2 Clinical need and practice

2.1 Influenza is an acute infection of the respiratory tract caused by the influenza A and B viruses. The symptoms of influenza are fever accompanied by respiratory symptoms such as sneezing, coughing, runny nose and sore throat and systemic symptoms such as malaise, myalgia, chills and headaches. Gastrointestinal symptoms such as nausea, vomiting and diarrhoea are also common. Influenza infection is usually self-limiting and lasts for 3–4 days, with some symptoms persisting for 1–2 weeks. The severity of the illness can vary from asymptomatic infection to life-threatening complications. The most common complications are secondary bacterial infections such as otitis media, pneumonia and bronchitis.

2.2 Influenza occurs in a seasonal pattern with epidemics in the winter months, typically between December and March. The illness is highly contagious and is spread from person to person by droplets of respiratory secretions produced by sneezing and coughing. Influenza is commonly transmitted through household contacts, with the highest attack rates in children. People who live in residential accommodation and those who work in healthcare settings are at a higher risk of infection. The influenza attack rate is the probability that a person develops influenza over the influenza season. It is expressed as the proportion of people exposed to risk who develop the disease during the period under consideration. The influenza attack rate depends on the circulating level of influenza. It is estimated that yearly influenza epidemics in the UK cause between 12,000 and 13,800 deaths.

2.3 Influenza-like illness, which can be caused by a variety of infectious agents, is a clinical diagnosis made on the basis of symptoms. The causative agent for an influenza-like illness cannot be determined clinically and diagnosis requires laboratory testing. Influenza activity is monitored through surveillance schemes, which record the number of new GP consultations for influenza-like illness per week per 100,000 population. In England, normal seasonal activity is currently defined as 30–200 consultations, with greater than 200 defined as an epidemic. In Wales, the corresponding figures are 25–100, and greater than 400. In addition, there are virological monitoring schemes based on the isolation of the virus from clinical specimens. 'Normal seasonal activity', as measured by these surveillance schemes, corresponds to the term 'circulating' in 'Guidance on the use of oseltamivir and amantadine for the prophylaxis of influenza' (NICE technology appraisal guidance 67). Accurate monitoring of influenza activity requires analysis of clinical, virological and epidemiological information.

2.4 The management of influenza is supportive and consists of relieving symptoms while awaiting recovery. For people in at-risk groups who can start therapy within 48 hours of the onset of an influenza-like illness, treatment with the antiviral drugs oseltamivir or zanamivir is recommended in line with 'Guidance on the use of zanamivir, oseltamivir and amantadine for the treatment of influenza' (NICE technology appraisal guidance 58 [Replaced by NICE technology appraisal guidance 168). Complications require specific management, and antibiotics are used for secondary bacterial infections.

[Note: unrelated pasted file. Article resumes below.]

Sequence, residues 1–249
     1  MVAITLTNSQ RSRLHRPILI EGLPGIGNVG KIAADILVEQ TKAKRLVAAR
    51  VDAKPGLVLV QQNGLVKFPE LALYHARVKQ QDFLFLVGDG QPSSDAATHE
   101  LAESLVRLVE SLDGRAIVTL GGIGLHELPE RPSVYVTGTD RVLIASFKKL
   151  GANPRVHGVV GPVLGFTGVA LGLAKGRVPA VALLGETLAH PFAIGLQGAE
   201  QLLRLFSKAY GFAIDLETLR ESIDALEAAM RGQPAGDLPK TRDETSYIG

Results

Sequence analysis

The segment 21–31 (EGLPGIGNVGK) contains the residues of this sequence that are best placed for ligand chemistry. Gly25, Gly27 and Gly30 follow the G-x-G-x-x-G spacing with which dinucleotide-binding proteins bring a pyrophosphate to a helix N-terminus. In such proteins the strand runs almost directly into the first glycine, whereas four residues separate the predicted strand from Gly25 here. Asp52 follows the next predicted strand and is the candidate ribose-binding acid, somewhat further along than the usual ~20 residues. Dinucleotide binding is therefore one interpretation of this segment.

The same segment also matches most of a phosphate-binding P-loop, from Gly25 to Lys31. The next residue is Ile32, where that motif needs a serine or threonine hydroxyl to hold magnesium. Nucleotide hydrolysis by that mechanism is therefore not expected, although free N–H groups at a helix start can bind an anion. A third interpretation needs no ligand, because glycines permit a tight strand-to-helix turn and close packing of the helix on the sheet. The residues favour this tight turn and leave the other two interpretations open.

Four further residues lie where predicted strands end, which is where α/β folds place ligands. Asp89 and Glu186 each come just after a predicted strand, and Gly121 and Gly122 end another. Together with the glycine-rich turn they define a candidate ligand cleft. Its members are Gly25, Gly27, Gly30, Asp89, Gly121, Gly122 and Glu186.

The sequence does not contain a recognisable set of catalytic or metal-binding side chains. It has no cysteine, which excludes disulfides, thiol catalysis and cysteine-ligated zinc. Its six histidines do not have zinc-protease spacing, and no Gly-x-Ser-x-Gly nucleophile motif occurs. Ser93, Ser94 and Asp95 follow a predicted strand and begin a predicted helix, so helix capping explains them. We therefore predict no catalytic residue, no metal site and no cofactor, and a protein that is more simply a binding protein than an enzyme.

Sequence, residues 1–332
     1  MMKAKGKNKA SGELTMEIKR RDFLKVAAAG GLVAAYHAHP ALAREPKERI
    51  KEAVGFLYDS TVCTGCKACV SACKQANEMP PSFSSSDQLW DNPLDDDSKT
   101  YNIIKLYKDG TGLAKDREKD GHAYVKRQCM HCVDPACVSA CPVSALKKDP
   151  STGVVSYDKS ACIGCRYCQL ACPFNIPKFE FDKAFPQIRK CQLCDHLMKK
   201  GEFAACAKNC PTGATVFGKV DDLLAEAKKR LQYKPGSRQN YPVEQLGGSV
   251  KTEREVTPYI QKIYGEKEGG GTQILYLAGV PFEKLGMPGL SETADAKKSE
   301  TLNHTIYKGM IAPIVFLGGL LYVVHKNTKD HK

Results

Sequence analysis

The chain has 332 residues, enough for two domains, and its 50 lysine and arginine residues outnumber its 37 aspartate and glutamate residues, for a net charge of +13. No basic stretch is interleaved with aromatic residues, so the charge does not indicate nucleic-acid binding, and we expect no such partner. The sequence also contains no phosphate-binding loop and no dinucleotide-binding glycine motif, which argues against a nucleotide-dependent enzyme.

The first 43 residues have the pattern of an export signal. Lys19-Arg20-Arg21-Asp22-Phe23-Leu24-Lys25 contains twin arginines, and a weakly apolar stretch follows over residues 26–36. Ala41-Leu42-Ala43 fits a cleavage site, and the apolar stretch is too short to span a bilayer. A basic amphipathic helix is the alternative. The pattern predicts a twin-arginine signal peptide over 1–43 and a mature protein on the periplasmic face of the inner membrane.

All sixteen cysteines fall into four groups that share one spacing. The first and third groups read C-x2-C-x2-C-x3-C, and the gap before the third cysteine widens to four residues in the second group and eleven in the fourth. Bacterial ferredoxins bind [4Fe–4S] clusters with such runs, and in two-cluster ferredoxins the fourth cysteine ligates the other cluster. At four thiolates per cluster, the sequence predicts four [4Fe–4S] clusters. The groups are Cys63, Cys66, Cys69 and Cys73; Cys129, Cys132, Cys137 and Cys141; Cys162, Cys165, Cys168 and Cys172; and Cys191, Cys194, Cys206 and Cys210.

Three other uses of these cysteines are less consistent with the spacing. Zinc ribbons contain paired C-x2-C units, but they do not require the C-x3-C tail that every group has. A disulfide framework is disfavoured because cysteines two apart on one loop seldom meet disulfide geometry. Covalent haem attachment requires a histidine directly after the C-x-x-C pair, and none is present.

2.5 Vaccination has been established as the first-line intervention to prevent influenza and its complications. In the UK, the Department of Health currently recommends that people who are at risk of influenza infection or complications are vaccinated at the beginning of each winter. Such people are those with chronic respiratory, cardiovascular, renal, liver or neurological disease, people with diabetes, people who are immunosuppressed, people aged 65 and older, people who work or live in residential care facilities, carers of at-risk people, healthcare and other essential workers and poultry workers.

2.6 Antiviral drugs are also used for the prevention of influenza. They may be given to people who have been in contact with a person with influenza-like illness (post-exposure prophylaxis) and may be given in the absence of known contact when it is known that influenza is circulating in the community (seasonal prophylaxis). If seasonal prophylaxis is given, it is carried out for longer periods to cover the duration of the influenza season. Seasonal prophylaxis may be considered in exceptional situations such as an antigenic mismatch between circulating strains of the influenza virus and that used for vaccination which would mean that at-risk people are not effectively protected by vaccination. Prophylaxis may also be used to control outbreaks of influenza within a residential community.

  • National Institute for Health and Care Excellence (NICE)